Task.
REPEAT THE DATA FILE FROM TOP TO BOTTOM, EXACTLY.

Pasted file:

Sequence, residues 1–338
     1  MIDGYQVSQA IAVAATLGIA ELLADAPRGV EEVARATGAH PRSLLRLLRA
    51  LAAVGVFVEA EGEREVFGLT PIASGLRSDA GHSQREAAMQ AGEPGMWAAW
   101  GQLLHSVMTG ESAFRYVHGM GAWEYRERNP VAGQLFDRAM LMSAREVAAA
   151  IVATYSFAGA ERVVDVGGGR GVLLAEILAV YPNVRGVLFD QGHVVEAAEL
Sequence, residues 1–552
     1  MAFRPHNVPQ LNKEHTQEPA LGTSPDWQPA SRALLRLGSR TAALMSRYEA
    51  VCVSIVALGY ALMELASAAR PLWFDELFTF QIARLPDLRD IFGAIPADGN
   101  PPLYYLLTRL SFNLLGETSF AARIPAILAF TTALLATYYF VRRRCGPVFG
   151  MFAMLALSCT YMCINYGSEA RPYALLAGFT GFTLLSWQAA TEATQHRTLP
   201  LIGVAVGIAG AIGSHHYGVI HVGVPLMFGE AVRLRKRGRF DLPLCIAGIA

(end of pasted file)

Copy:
Sequence, residues 1–338
     1  MIDGYQVSQA IAVAATLGIA ELLADAPRGV EEVARATGAH PRSLLRLLRA
    51  LAAVGVFVEA EGEREVFGLT PIASGLRSDA GHSQREAAMQ AGEPGMWAAW
   101  GQLLHSVMTG ESAFRYVHGM GAWEYRERNP VAGQLFDRAM LMSAREVAAA
   151  IVATYSFAGA ERVVDVGGGR GVLLAEILAV YPNVRGVLFD QGHVVEAAEL
Sequence, residues 1–552
     1  MAFRPHNVPQ LNKEHTQEPA LGTSPDWQPA SRALLRLGSR TAALMSRYEA
    51  VCVSIVALGY ALMELASAAR PLWFDELFTF QIARLPDLRD IFGAIPADGN
   101  PPLYYLLTRL SFNLLGETSF AARIPAILAF TTALLATYYF VRRRCGPVFG
   151  MFAMLALSCT YMCINYGSEA RPYALLAGFT GFTLLSWQAA TEATQHRTLP
   201  LIGVAVGIAG AIGSHHYGVI HVGVPLMFGE AVRLRKRGRF DLPLCIAGIA